[Assam] A letter to the Editor
Rajen & Ajanta Barua
barua25 at hotmail.com
Sun Jul 1 11:11:21 EDT 2007
Dear Kamal Bhaiti:
Nice to see your letter and the question.
The following facts may be noted for the the test of Capsican content of Chilli and the position of the Assamese Bhut jolokia which is not only the hotest but seems to be 3 times hotter compared to its next competitor, the Jamaican Habanero. If this is the case, I am not too much worried about the correct Assamese spelling of the name but I have the serious question regarding whether Chilli Pepper is really not indegenious to Asia and whether it was in fact originally brought to India, China and all these Asian countries only four hundred years ago as cliamed by the food historians. We should ask the world food scientists to explain how a daughter plant can produce stronger capsican than the mother plant? I think, we Assamese should go a one step further and set up our own research to find out the thruth.
Scoville Heat Unit content of:
Assamese bhut jolokia: 1,001,000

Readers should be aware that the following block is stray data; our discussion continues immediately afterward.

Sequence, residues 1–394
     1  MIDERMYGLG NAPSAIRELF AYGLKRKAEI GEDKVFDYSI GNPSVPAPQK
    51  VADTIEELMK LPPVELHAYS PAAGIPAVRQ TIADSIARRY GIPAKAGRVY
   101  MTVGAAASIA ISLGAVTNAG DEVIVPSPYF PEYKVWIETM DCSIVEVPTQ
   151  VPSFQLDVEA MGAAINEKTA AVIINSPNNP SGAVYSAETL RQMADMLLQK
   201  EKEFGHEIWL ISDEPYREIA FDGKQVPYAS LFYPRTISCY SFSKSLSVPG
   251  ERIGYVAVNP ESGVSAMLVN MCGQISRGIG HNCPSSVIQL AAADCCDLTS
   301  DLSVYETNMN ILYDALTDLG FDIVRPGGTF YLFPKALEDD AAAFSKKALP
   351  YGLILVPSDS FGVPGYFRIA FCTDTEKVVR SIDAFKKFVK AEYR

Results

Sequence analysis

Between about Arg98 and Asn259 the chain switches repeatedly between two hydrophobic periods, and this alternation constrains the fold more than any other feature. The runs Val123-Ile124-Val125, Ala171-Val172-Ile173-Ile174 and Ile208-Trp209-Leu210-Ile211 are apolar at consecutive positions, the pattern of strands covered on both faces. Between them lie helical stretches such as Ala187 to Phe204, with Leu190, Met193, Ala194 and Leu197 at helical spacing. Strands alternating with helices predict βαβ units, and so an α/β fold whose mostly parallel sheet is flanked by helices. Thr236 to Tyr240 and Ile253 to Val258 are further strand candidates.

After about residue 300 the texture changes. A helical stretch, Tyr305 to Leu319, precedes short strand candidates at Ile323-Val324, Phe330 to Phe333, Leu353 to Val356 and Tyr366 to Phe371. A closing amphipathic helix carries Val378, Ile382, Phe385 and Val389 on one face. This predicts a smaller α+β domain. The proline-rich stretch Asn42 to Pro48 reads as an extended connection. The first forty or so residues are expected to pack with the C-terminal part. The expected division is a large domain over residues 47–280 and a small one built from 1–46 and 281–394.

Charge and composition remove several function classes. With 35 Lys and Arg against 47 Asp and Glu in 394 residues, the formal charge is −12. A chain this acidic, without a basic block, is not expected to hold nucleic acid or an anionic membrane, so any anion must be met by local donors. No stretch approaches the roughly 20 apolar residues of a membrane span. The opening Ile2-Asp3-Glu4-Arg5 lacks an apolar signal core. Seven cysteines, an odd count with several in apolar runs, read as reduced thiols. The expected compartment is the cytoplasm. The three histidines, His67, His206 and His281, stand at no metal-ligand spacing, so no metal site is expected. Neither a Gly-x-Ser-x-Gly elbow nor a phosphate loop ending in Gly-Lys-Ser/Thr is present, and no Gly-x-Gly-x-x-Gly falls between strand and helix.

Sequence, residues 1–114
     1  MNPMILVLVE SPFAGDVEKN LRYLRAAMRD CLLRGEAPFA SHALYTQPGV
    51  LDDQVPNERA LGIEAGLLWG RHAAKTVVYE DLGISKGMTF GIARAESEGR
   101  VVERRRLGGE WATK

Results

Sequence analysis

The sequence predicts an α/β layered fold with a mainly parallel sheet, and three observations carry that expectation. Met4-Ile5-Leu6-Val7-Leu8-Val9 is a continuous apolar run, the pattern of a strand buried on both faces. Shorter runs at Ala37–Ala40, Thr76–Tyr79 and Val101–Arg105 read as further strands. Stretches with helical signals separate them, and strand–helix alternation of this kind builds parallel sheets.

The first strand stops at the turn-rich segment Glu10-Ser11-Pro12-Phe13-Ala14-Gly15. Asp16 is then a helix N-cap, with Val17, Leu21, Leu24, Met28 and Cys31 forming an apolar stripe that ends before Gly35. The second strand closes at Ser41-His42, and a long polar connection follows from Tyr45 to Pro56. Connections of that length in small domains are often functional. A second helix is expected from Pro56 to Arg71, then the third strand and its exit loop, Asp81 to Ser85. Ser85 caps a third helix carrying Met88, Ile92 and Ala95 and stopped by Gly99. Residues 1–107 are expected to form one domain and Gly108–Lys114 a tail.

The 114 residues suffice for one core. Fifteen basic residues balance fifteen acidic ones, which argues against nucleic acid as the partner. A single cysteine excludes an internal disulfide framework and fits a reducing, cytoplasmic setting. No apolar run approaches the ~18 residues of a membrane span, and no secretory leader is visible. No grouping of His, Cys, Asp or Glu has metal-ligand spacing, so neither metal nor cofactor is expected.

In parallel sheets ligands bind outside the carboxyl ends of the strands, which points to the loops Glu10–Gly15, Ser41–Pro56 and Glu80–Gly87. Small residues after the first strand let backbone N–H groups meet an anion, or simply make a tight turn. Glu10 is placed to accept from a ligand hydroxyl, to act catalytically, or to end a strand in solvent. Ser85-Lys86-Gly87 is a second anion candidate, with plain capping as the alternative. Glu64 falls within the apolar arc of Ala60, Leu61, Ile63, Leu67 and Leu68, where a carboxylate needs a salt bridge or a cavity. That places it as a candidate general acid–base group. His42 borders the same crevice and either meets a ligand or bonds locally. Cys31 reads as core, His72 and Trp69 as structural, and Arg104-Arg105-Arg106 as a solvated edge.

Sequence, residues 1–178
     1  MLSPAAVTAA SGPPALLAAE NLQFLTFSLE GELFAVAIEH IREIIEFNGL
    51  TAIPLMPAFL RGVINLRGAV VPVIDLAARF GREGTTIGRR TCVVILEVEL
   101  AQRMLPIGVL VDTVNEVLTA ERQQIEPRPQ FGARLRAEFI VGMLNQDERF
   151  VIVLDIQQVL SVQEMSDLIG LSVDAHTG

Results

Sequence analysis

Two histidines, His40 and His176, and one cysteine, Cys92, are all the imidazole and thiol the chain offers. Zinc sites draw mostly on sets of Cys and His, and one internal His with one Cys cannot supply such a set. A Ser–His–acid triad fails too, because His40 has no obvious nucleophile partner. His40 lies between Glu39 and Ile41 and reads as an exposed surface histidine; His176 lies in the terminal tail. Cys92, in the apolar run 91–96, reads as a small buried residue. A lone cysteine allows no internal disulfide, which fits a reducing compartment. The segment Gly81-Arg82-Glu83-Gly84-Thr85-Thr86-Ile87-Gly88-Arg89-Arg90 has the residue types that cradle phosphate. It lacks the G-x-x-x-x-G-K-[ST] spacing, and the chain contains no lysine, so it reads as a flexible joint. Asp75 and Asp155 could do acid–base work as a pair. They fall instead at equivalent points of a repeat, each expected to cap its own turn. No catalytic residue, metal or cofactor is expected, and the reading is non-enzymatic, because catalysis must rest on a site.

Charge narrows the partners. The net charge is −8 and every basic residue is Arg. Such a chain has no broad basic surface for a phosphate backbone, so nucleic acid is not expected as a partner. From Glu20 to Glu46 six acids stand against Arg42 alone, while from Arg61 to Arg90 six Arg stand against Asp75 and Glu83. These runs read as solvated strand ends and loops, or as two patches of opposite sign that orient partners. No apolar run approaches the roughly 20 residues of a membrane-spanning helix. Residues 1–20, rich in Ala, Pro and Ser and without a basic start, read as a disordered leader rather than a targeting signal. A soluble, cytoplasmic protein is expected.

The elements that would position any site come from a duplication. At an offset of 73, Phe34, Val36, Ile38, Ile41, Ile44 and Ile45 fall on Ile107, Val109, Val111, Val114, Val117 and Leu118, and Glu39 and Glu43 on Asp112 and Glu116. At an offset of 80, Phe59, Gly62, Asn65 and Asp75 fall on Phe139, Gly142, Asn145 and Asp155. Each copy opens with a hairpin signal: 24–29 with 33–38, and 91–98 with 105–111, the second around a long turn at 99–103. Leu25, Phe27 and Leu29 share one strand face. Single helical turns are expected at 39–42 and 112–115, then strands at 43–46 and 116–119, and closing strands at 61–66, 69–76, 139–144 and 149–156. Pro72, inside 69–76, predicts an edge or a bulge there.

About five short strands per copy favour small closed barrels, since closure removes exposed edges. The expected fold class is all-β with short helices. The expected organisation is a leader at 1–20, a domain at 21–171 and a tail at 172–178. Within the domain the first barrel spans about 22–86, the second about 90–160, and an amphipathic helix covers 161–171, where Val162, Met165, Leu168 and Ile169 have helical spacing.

Jamaican "Scotch bonnet" habanero: 300,000
Thai prik: 100,000
Ethiopian ber-beri: 50,000
Mexican jalapeno: 10,000
New Mexican green pepper: 1,000
What They Mean:
The 95-year-old measurement of chile pepper heat, known as the Scoville Heat Unit for its inventor Parke Davis chemist Wilbur Scoville, measures a pepper's content of capsaicin, the substance which gives peppers their fire. One molecule of capsaicin in about 16 million molecules of water gets a rating of one: thus an apple or a glass of water has zero Scoville Units, pure capsaicin registers 16 million, and the pepper sprays commercially sold to repel muggers and bears come in at 2 million.